Following this shift in policy, youth sport in America has grown into a multi-million-dollar industry. These non-public organizations continue to push for a greater share of the industry, which has caused a fierce competition for participants. In a bid to increase their revenues, the directors of these organizations set their sights on hooking participants, and their cash flush parents, in earlier.

Non-public organizations have played on a theme that has roots in youth sport since it’s inception in the United States. Since the late 1800’s, scholars argued that sport, specifically those competitive in nature, was a device for moral development and social norms (Coakley, 2011) (Chandler & Goldberg, 1990). This was the foundation of school based sport, which was used to prepare students both physically and mentally for the industrial society that was emerging at the time (Friedman, 2013). This trend in sport continued until the 1960’s when a trend called the self-esteem movement began.

The movement marked a shift away from competition in public programing, as it was believed to be detrimental to youth development. Instead, a focus was placed on building confidence and pride in one’s own talent, while re-framing from comparing a child’s abilities to others (Friedman, 2013). This compelled parents, who possessed the financial resources, to pay-to-play providers such as Little League Baseball and Pop Warner Football to provide their kids with the foundation of values to succeed (Friedman, 2013). It was this belief that the pay-to-play organizations expanded upon and monetized.

Americans, like the vast majority of people, are willing to do anything for their children. Parents want to provide their children with a better life, and for them to enjoy everything they did in their youth. This means sports, and parents will do everything in their power to provide their child with the best chance at athletics. Sports in the United States favour early starters, and pay-to-play organizations are compelling parents into entering their kids in organized sports at younger ages.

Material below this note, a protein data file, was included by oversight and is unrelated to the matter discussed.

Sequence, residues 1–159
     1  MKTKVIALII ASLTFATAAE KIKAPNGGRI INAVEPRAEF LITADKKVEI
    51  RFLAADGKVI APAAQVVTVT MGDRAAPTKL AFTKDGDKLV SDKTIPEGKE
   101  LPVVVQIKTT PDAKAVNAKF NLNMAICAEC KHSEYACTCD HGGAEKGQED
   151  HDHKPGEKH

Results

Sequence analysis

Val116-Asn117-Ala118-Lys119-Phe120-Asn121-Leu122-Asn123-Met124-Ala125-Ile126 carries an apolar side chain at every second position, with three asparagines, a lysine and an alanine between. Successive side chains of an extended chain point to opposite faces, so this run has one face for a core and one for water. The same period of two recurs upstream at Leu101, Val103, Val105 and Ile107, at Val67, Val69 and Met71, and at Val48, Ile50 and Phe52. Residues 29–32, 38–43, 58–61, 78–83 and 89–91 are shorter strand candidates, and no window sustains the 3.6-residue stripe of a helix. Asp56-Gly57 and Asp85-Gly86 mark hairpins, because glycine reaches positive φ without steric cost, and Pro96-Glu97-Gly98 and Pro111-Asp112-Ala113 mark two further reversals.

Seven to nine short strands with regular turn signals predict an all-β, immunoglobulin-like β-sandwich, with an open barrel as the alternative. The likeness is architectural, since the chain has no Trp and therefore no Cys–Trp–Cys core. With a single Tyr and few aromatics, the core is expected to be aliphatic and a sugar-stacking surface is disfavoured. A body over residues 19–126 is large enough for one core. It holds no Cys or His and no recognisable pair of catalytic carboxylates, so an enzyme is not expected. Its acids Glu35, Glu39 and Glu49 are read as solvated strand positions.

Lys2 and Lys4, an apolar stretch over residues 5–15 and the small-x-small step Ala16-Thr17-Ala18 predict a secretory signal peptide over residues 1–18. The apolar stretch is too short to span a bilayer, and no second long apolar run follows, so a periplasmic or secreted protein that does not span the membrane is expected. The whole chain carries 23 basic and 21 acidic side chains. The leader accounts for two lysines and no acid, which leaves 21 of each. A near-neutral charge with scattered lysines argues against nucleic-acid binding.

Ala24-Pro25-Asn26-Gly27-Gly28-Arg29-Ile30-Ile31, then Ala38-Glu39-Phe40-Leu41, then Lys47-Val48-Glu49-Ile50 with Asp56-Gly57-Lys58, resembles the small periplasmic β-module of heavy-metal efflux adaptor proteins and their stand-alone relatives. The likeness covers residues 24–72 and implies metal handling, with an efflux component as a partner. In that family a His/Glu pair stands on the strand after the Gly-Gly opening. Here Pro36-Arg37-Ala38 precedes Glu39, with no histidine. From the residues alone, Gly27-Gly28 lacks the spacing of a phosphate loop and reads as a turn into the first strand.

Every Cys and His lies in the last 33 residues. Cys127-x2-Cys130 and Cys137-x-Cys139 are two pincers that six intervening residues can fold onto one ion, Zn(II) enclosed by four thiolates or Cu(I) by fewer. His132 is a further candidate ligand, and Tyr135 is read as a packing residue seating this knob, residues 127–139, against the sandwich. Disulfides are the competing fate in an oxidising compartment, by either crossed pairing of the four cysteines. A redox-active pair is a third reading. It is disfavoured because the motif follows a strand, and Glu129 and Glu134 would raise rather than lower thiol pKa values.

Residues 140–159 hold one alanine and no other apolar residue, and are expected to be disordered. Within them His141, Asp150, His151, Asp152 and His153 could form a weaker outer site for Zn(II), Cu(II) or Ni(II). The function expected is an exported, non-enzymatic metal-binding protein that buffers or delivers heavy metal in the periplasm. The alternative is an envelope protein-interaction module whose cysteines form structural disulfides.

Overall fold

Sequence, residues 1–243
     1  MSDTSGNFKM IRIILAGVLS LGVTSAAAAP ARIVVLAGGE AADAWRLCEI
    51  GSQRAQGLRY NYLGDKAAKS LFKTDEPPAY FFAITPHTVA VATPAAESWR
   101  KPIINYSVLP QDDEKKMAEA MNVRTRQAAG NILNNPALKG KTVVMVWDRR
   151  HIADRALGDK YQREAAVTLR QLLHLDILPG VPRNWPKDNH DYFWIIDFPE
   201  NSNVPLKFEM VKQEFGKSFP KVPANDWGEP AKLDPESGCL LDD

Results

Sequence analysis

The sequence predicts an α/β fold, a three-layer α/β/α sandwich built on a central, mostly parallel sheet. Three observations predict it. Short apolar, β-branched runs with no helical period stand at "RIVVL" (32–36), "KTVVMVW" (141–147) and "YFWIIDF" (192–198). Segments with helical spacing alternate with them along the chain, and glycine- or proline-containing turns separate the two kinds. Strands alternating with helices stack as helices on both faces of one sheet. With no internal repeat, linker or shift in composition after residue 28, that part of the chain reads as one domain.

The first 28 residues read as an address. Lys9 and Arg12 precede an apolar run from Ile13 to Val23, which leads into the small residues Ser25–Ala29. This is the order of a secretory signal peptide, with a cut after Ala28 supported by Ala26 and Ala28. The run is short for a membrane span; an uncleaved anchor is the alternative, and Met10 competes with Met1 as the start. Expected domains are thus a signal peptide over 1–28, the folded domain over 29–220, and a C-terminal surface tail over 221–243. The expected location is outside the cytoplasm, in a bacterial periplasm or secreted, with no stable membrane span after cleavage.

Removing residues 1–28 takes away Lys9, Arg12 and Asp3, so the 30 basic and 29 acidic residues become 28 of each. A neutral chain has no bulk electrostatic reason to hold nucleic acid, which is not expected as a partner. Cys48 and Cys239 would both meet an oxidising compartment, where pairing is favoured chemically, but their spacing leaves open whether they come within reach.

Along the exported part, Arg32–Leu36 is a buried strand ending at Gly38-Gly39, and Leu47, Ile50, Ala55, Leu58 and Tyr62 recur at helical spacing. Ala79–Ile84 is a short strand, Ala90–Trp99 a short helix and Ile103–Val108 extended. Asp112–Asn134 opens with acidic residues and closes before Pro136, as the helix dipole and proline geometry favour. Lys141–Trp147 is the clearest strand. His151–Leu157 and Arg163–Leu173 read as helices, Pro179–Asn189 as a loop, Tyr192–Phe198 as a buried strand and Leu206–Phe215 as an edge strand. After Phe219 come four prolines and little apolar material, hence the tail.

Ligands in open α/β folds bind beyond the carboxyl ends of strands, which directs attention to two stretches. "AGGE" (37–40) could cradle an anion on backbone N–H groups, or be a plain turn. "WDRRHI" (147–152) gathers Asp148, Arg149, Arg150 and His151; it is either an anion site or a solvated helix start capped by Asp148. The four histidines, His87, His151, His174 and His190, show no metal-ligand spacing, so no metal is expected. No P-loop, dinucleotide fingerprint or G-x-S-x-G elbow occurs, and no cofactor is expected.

Continue reading


1 Comment

Tough Job: Evaluation and drafting of big time Assets

At the professional level, a critical question in player development is: Who to draft and when?

If this question were asked currently with respect to this year’s draft for any given major North American sport could you answer and give a reasonable argument for who you picked and why?  Many can identify a World Junior Hockey tournament star or the Heisman trophy quarterback as projected draft picks for the NHL and NFL respectively, but what about when the draft progresses beyond 10 or 15 big name “blue-chip” prospects?

The NHL draft year is young compared to both the NBA and NFL. It follows that more NHL draft picks  are either “busts” or “late-round gold”, both for the same reason: there is insufficient, or a lack sufficient predictive data to accurately project which player will be impactful at the highest level.  When drafting an 18-year old, there are too many factors in play that can, and will, influence that player’s development into an NHL player.nfl-fanduel1